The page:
*Most uncomfortable campaign debate moments: California gubernatorial candidates Meg Whitman and Jerry Brown trying to explain her employment of an illegal immigrant and someone on his staff's use of the word "whore." (There's still enough time before Election Day for other debates to trump this one ... starting with Monday's faceoff in New York between Andrew Cuomo and Carl Paladino (and several minor party candidates).

*Speaking of Paladino, judging from the video clip on our website (admittedly a tiny sample) of his visit to Kingston Tuesday, I didn't sense a whole lot of passion for or against him. Seemed like supporters and protesters were going through the motions.

*I'm not privy to internal polling, but isn't it safe to presume that if Congressman Maurice Hinchey and the Democratic Party didn't have concerns about his ability to handily win re-election, former President Bill Clinton wouldn't have been recruited to speak on his behalf at a Binghamton rally?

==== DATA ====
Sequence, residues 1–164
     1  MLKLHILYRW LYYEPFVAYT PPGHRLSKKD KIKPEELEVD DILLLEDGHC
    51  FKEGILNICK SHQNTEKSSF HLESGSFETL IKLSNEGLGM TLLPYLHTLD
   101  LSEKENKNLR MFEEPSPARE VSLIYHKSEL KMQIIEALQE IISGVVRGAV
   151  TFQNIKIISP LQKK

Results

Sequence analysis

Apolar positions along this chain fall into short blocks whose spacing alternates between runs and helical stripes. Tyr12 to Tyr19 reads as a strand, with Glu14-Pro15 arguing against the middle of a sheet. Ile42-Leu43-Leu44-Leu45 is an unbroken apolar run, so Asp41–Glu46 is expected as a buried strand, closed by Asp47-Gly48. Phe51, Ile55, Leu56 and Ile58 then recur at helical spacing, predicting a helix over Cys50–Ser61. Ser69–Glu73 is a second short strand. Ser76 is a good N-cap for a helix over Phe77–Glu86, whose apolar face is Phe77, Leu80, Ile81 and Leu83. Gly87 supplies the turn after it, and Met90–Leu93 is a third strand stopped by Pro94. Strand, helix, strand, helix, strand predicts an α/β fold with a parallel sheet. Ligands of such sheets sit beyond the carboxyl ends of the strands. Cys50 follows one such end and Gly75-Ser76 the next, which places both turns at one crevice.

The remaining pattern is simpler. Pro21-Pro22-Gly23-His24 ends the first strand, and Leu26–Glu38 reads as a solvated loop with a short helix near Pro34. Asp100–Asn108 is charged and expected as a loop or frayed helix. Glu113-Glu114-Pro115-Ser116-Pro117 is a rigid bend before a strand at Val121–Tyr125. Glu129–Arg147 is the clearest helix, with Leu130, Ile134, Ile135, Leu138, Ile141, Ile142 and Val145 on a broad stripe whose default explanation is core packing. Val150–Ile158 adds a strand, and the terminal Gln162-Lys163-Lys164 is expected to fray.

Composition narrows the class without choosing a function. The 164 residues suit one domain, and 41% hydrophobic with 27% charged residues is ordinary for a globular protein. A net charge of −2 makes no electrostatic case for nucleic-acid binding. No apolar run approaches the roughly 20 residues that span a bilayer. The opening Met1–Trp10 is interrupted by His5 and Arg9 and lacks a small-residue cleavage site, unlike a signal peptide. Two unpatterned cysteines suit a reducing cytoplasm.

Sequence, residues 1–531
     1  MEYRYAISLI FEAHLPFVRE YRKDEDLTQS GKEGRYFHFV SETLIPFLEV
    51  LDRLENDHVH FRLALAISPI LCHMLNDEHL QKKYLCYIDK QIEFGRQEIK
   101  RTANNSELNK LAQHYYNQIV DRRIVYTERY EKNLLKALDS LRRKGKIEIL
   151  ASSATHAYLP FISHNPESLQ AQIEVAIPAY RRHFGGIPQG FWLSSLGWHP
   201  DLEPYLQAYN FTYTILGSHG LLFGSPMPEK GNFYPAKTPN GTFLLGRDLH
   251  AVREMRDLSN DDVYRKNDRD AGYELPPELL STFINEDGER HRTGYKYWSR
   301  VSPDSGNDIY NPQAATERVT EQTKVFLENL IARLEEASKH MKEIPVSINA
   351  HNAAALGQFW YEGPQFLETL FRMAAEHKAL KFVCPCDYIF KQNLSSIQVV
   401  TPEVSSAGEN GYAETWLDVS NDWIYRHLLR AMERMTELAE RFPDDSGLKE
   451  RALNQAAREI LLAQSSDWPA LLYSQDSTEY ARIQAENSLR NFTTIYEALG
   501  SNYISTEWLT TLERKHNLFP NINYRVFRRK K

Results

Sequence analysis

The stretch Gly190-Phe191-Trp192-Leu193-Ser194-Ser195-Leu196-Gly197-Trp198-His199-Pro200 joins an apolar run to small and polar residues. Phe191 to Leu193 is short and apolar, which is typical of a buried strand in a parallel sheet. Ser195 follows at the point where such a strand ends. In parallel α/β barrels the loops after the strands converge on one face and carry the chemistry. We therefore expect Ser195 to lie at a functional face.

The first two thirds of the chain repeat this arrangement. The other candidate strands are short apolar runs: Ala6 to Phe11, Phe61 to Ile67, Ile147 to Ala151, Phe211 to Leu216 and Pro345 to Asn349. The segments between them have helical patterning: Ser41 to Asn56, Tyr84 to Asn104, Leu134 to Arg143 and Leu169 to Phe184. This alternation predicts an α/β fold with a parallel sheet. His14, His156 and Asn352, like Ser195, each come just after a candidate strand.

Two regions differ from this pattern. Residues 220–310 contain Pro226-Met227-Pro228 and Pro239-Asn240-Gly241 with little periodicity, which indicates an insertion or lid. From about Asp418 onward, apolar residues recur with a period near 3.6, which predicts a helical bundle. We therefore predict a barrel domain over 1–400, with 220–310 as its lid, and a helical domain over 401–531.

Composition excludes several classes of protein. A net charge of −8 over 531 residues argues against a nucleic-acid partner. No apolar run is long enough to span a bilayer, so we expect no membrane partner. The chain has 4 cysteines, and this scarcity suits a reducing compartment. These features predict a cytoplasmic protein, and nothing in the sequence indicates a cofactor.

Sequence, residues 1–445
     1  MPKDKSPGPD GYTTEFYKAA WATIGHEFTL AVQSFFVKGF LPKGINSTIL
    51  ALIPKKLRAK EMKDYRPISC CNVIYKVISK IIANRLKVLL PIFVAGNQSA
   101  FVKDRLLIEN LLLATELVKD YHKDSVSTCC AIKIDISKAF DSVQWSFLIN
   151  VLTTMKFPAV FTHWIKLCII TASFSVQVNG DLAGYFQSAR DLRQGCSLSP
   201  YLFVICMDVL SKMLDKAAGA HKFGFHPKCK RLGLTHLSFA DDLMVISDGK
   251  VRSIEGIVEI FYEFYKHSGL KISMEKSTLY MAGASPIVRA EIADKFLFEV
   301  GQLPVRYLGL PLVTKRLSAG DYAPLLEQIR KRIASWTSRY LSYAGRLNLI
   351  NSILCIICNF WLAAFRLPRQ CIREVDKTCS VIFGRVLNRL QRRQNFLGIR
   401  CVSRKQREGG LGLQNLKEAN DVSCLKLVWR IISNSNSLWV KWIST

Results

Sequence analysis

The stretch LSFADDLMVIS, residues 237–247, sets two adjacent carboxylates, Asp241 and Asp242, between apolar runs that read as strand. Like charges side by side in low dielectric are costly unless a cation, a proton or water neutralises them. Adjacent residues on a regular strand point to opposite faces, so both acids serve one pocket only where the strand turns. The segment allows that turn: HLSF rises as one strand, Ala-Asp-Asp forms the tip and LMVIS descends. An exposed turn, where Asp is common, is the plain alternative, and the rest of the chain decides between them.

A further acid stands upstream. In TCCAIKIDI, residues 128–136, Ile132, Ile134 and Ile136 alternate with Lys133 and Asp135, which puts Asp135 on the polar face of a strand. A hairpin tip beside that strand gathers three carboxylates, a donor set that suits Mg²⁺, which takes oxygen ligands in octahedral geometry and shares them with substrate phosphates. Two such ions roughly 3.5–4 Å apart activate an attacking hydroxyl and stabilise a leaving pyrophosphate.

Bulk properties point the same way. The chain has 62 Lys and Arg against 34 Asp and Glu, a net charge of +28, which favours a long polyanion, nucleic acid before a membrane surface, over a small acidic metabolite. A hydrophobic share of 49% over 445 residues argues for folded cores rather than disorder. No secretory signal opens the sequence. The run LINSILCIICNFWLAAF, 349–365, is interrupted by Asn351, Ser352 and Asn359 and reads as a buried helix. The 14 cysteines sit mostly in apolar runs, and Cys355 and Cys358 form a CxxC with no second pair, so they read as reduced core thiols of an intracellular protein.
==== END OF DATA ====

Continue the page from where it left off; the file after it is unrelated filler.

*I know lawn signs are part of our nation's grand political traditions, but they're little more than blights on the landscape, as far as I'm concerned. (By the way, I notice a variety of businesses and non-profits using lawn signs nowadays. Shouldn't there be ordinances against these eyesores?)

Thursday, October 7, 2010

From the notebook

*It's a minority view, I know, but for my money, the Ryder Cup golf event is nothing more than a manufactured-for-TV excuse to wave the flag. Jingoism, pure and simple. The sight of golfers egging on fans and the sound of galleries cheering when someone misses a putt merely brings to golf some of what's bad about other sports.